With the formation of the new Government the ambitious 100-day plan provides for a myriad of changes in the property and commercial sectors. It’s important to note that these are summary indications of what is to come, and a greater level of broad changes may also be looming in the future.

Repeal of the Spatial Planning and Natural and Built Environment Act, and introducing a fast-track consenting regime

The Natural and Built Environment Act was the primary replacement legislation for the outgoing Resource Management Act 1991. It broadly required regions to develop their own natural and built environment plans for land use and environmental management.

This was complementary to the Spatial Planning Act which created a new requirement for long-term regional and spatial planning, and residential developments.

The new Government intends to utilise temporary fast-track processes for resource consents used during Covid-19 pandemic, and extend them to a broader, permanent, Infrastructure Fast-Track Process for major infrastructure projects. This means a faster process for developers and builders to access and receive approved resource consents.

Amendments to the Overseas Investment Act 2005 to make it easier for build-to-rent housing to be developed in New Zealand

This option provides some potential and flexibility in upcoming build-to-rent developments, especially those which consist of multi-unit residential developments within walking distance of key transport links.

What this means for investors, builders and developers is:

  • Easier access and affordability for overseas and local investment into the local property market;
  • Eligibility for depreciation deductions on Built-to-Rent developments (similar to other commercial buildings).

Housing growth policies and making the Medium Density Residential Standards optional for councils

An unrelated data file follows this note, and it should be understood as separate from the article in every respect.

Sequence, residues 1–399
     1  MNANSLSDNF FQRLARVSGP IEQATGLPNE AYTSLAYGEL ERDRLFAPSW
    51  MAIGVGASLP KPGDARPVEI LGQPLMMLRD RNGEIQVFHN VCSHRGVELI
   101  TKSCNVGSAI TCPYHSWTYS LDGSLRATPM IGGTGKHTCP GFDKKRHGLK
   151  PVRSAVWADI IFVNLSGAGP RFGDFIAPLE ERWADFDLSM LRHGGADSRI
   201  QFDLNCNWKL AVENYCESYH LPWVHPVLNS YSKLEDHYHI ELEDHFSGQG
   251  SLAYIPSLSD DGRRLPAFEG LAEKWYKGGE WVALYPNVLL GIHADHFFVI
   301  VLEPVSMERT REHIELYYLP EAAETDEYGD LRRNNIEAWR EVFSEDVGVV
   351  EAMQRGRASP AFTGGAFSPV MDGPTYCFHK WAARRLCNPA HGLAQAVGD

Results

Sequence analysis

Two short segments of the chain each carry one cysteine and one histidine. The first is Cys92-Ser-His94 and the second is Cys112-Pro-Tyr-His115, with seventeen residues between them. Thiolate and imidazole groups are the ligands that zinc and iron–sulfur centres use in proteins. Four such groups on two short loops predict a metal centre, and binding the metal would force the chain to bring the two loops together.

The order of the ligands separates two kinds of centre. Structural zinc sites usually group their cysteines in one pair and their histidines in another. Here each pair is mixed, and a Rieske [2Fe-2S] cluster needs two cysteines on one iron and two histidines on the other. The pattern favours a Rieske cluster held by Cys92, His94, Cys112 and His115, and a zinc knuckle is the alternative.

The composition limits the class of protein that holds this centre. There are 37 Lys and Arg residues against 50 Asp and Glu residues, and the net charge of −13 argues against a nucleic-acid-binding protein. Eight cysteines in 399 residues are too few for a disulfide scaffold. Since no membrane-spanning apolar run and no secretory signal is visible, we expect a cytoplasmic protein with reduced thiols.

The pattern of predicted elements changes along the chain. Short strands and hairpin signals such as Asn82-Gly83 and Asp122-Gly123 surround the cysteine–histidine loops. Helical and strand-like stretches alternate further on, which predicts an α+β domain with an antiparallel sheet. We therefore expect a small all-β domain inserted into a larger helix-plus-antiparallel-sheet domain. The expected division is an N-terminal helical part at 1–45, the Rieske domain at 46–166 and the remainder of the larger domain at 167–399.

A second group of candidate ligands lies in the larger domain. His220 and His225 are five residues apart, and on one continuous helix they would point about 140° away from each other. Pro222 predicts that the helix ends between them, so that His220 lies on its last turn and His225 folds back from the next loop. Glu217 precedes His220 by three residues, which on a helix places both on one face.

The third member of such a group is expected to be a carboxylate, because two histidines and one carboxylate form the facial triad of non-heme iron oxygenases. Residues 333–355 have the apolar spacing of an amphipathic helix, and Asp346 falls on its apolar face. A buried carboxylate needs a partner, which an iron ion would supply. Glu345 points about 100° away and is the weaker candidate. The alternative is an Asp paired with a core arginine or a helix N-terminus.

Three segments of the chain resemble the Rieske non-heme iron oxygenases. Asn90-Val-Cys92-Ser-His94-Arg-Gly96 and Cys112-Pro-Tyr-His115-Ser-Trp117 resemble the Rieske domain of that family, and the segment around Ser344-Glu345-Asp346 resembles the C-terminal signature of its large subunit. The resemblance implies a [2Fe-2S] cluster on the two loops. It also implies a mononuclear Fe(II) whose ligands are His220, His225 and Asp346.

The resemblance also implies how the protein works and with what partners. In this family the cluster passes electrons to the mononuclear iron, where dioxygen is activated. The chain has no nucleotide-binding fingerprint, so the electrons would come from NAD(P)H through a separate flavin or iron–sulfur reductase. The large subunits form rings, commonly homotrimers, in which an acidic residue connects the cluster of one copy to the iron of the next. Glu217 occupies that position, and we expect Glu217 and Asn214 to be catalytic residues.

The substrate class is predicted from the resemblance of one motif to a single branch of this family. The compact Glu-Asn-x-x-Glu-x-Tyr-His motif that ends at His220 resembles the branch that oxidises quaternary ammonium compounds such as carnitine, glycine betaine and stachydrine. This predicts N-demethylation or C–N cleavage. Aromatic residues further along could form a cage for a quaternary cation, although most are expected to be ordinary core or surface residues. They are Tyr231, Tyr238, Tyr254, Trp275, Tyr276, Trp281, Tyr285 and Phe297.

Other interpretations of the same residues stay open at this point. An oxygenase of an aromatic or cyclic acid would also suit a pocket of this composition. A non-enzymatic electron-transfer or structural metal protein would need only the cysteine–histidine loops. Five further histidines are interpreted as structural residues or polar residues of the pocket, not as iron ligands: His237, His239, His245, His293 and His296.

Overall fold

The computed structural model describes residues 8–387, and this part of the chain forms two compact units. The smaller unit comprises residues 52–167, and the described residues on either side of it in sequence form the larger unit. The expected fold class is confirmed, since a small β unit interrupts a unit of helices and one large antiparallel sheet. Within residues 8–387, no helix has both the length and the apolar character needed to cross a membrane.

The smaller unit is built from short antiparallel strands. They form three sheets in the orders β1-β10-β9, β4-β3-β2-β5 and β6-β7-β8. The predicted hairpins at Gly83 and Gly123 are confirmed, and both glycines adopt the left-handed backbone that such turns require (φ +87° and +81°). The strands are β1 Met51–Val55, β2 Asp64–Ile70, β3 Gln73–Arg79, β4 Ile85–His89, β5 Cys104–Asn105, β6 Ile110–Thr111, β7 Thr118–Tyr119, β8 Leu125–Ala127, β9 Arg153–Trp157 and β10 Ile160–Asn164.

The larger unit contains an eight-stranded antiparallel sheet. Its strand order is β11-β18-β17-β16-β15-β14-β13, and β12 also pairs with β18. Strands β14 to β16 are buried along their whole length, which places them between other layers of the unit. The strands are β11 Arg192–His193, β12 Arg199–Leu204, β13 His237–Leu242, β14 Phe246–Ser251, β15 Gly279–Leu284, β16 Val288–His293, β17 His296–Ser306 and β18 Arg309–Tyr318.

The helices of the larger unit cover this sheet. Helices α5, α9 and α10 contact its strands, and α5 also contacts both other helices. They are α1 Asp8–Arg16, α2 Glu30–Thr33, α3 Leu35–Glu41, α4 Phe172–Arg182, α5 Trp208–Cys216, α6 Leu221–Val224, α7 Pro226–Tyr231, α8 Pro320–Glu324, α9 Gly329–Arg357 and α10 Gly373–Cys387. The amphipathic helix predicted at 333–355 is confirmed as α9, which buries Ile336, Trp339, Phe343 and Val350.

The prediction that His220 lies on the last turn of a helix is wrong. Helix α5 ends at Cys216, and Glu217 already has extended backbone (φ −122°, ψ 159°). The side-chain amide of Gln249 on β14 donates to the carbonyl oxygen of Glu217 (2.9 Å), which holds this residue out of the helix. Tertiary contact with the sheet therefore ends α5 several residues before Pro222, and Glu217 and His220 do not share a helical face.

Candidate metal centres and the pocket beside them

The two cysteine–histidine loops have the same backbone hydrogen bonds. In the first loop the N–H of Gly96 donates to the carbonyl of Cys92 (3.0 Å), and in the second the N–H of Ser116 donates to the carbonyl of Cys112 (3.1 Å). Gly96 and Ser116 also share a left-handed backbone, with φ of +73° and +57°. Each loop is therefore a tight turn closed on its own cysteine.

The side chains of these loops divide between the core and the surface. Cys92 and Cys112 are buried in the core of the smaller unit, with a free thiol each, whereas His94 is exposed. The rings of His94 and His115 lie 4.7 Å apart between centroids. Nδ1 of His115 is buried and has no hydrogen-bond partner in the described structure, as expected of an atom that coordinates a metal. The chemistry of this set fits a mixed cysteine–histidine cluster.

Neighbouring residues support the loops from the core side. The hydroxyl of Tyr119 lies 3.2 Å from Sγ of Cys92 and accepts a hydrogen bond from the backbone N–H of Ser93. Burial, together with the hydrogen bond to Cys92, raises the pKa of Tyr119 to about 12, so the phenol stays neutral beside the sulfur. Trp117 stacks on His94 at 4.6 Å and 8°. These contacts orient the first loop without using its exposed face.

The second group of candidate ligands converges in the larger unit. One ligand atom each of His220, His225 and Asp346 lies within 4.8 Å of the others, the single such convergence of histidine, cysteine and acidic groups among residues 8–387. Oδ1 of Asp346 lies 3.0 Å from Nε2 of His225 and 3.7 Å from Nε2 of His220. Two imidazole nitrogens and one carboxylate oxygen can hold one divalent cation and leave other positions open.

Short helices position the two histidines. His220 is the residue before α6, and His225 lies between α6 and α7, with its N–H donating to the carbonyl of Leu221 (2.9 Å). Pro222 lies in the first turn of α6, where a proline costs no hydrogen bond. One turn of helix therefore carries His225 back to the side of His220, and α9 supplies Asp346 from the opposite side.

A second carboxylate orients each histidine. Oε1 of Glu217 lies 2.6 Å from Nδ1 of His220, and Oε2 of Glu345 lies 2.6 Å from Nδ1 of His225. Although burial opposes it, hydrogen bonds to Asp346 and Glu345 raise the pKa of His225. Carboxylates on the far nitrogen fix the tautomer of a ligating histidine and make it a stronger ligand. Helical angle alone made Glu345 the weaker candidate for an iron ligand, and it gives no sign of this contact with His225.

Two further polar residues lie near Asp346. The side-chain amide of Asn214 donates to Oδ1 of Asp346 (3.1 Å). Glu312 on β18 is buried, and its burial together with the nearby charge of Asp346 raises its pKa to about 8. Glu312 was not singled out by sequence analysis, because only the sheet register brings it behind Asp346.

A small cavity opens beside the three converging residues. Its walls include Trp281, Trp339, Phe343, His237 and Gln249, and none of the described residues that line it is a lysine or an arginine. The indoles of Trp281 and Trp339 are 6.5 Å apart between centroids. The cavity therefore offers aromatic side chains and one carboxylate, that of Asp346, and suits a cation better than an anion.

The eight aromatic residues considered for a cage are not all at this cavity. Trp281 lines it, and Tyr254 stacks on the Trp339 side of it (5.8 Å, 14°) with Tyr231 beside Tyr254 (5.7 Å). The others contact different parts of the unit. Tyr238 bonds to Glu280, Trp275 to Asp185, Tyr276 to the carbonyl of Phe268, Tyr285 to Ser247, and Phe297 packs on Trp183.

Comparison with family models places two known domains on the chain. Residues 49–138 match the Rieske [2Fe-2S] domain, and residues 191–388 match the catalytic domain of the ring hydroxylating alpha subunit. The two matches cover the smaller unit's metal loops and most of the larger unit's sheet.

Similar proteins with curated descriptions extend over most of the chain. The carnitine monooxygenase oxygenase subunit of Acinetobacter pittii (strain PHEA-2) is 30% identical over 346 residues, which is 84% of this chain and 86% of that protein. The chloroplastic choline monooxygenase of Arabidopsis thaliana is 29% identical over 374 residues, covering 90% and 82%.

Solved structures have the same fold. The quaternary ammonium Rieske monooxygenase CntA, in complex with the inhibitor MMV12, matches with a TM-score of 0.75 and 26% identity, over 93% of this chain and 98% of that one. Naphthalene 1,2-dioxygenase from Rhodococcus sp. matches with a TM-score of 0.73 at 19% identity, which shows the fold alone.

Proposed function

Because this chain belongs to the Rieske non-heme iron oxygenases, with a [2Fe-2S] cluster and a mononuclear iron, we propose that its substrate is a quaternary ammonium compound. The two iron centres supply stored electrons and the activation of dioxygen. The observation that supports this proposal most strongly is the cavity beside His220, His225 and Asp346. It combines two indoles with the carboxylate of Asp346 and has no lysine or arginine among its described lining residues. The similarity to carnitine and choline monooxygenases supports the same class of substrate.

This option provides an immediate zoning change for 30 years’ worth of housing demand immediately for all councils in major towns and cities; alongside increased flexibility for councils to opt-out of the Medium Density Residential Zone law which provides councils more autonomy in deciding where houses are being built.

What this means is:

  • Increased availability of land for new build homes and developments in our major towns and cities;
  • Increased variety of density relative to planned developments.

Improved rental markets

Intentions to restore broader interest deductibility and reducing the bright-line period to two years. 

The reduced bright-line period means that properties (that are not someone’s main home) will be able to be bought and sold within a shorter period than previously without being liable to pay tax on any profit made.


On a broader level, the direction taken towards the perspectives on property and land suggests an easing of restrictions, paired with greater flexibility, for an increase in new developments opportunities and alternative housing options.

Leading law firms committed to helping clients cost-effectively will have a range of fixed-price Initial Consultations to suit most people’s needs in quickly learning what their options are.  At Rainey Collins we have an experienced team who can answer your questions and put you on the right track.

Laurie Pallett and Raiyan Azmi